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Plastics choking animals targeted in G7 clean-ocean push

BERLIN — The biggest advanced economies plan to urge the world to clean up plastic shopping bags and bottles clogging oceans, prodded by German Chancellor Angela Merkel.

A boy searching for fish in the polluted sea backwaters near the southern Indian city of Chennai. Germany will urge the world to clean up plastic bags and bottles clogging oceans at the G7 summit in June. Photo: REUTERS

A boy searching for fish in the polluted sea backwaters near the southern Indian city of Chennai. Germany will urge the world to clean up plastic bags and bottles clogging oceans at the G7 summit in June. Photo: REUTERS

BERLIN — The biggest advanced economies plan to urge the world to clean up plastic shopping bags and bottles clogging oceans, prodded by German Chancellor Angela Merkel.

For the first time, Germany will put the clean-up on the agenda of the Group of Seven (G7) nations summit in June in the Bavarian Alps, Environment Minister Barbara Hendricks said in an interview.

The goal is to encourage countries to reduce waste from plastic and tiny beads added to body scrubs and toothpastes that pollute the sea and kill marine life.

The ecological push is among the first indications of Germany’s themes for the global economic summit. Ms Merkel, who served as environment minister in the 1990s, plans to host United States President Barack Obama and government leaders from Japan, the United Kingdom, Canada, France and Italy at Schloss Elmau, a 100-year-old spa hotel, from June 7 to 8.

“So far, no one has taken up the issue internationally and we want to change that,” Ms Hendricks said in Berlin. “Plastic waste is a huge problem for wildlife conservation. Animals are literally starving with a stomach full of plastic.”

Drifting as far as the polar regions, the waste accumulates at sea in huge swirls with dead fish, marine mammals and birds that get snared. One trash vortex in the North Pacific that is about as big as Texas carries an estimated 6kg of plastic for every kilogram of natural plankton, according to Greenpeace.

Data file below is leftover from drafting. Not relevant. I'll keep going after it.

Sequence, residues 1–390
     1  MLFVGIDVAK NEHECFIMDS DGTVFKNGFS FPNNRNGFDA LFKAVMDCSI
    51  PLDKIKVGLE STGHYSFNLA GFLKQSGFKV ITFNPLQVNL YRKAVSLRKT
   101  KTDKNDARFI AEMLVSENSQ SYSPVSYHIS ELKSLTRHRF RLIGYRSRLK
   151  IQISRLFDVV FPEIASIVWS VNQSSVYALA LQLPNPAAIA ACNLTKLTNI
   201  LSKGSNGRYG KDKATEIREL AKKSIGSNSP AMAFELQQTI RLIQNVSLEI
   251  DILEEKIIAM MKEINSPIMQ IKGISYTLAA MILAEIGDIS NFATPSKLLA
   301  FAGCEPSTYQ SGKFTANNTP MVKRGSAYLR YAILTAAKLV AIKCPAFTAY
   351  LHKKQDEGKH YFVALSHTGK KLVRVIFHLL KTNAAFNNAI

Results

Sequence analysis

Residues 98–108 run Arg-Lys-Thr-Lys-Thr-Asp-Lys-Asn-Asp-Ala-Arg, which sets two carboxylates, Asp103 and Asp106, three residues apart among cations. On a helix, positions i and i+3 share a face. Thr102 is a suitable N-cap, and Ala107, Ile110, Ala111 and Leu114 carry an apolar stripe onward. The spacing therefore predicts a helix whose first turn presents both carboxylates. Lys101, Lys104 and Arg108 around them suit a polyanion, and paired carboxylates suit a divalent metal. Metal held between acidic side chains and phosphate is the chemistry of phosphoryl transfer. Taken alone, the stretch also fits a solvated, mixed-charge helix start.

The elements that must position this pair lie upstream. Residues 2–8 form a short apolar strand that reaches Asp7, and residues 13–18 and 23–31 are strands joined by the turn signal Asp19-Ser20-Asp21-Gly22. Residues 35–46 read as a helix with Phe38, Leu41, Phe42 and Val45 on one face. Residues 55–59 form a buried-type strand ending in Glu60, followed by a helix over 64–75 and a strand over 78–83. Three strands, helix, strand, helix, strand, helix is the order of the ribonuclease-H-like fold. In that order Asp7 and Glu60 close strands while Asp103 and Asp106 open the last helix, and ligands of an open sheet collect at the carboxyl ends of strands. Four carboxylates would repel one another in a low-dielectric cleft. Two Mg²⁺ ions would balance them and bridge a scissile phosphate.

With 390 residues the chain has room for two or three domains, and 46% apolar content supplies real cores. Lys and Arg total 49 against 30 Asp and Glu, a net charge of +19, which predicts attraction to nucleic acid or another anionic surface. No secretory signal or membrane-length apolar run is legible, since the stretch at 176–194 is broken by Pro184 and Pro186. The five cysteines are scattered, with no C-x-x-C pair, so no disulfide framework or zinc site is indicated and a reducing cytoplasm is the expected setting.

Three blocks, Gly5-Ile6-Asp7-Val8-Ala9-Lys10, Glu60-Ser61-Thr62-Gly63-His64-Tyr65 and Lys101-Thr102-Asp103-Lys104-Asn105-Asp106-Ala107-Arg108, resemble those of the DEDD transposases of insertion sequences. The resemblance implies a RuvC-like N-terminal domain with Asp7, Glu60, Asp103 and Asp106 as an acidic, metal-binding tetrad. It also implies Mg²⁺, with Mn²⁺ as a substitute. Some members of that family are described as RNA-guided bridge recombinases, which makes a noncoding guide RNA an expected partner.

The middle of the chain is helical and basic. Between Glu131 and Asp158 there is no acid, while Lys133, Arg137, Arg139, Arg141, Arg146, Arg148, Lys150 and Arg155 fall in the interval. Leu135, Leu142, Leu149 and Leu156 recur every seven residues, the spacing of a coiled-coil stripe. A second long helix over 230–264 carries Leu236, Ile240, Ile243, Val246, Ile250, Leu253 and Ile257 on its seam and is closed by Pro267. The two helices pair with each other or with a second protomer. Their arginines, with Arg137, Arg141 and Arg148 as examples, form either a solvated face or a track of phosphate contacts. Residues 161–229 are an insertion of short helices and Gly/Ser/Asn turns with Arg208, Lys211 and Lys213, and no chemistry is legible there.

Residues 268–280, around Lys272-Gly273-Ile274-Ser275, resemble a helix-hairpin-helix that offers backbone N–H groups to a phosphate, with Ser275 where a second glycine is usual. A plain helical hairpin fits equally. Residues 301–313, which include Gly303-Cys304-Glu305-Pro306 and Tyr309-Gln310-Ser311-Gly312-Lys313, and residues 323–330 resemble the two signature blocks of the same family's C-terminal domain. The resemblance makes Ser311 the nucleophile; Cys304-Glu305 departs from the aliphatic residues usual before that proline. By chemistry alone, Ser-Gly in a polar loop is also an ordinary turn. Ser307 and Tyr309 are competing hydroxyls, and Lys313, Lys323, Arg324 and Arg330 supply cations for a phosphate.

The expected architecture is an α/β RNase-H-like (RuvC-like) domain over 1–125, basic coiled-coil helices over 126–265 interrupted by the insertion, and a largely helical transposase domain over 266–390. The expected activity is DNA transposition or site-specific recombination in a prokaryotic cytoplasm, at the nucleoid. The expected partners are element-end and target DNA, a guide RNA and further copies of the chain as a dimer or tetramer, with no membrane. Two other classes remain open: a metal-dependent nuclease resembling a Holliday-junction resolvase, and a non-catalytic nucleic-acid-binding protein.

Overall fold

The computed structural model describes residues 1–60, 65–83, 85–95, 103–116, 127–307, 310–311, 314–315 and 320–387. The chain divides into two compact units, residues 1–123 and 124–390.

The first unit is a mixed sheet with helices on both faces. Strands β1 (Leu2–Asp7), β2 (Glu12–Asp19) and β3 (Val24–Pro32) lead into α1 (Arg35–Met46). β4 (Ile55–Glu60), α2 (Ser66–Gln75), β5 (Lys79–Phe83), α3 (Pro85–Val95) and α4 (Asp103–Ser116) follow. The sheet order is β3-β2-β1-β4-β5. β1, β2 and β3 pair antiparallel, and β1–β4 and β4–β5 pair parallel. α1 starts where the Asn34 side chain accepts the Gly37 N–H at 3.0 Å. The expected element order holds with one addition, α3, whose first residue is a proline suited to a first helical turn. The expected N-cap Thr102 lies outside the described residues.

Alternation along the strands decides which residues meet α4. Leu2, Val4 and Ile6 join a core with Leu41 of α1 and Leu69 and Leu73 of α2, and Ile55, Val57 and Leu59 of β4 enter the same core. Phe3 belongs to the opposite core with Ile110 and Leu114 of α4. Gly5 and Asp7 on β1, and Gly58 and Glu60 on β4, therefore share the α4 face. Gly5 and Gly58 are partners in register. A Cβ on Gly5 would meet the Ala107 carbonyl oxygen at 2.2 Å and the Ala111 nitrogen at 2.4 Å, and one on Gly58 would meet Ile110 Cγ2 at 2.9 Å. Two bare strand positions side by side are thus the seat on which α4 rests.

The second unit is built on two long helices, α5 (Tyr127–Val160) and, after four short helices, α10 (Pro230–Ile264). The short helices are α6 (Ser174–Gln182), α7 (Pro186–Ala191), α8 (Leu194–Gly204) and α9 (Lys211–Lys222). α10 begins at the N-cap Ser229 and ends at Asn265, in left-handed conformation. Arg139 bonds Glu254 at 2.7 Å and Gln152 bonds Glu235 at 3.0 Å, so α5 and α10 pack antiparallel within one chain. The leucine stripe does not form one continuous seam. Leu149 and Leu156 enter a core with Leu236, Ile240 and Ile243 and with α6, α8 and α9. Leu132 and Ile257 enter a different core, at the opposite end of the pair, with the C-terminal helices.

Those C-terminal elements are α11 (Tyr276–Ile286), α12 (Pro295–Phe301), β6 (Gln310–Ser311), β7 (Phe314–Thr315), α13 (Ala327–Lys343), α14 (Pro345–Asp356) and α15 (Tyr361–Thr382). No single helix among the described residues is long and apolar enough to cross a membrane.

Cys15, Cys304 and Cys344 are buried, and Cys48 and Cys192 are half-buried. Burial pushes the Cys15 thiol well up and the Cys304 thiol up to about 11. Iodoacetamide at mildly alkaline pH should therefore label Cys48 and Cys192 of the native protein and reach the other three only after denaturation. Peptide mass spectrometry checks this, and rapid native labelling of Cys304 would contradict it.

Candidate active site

Decades of pollution mean that “the ocean economy is already faltering”, the World Wide Fund for Nature and the Boston Consulting Group said in a report. “If the ocean were a country it would have the seventh-largest economy in the world.”

Ms Merkel, whose electoral district lies on the Baltic, plans to brief a conference of scientists in Berlin tomorrow on her summit goals. As a first step, Germany will ask its G7 partners to agree to put plastic sea waste on the United Nations’ agenda, Ms Hendricks said in the interview last week.

Plastic waste causes US$13 billion (S$17.3 billion) in damage to marine ecosystems each year, according to the UN Environment Program. In the US, the state of California and cities including Chicago, Seattle and Portland have banned single-use plastic bags.

The European Union wants to reduce the use of plastic bags to 40 per person in 2025, from 176 bags in 2010. Japan intends to pursue work on the topic when it presides over the G7 next year, Ms Hendricks said.

Microplastics from consumer products, some of them as small as a pencil tip, are a particular danger to marine animals such as fish, mussels and plankton, which ingest them and either choke or pass the toxins on to larger fish and eventually to humans.

Banning microplastics in consumer products would help, Ms Hendricks said. “In the medium term, it’s not impossible,” she added. BLOOMBERG

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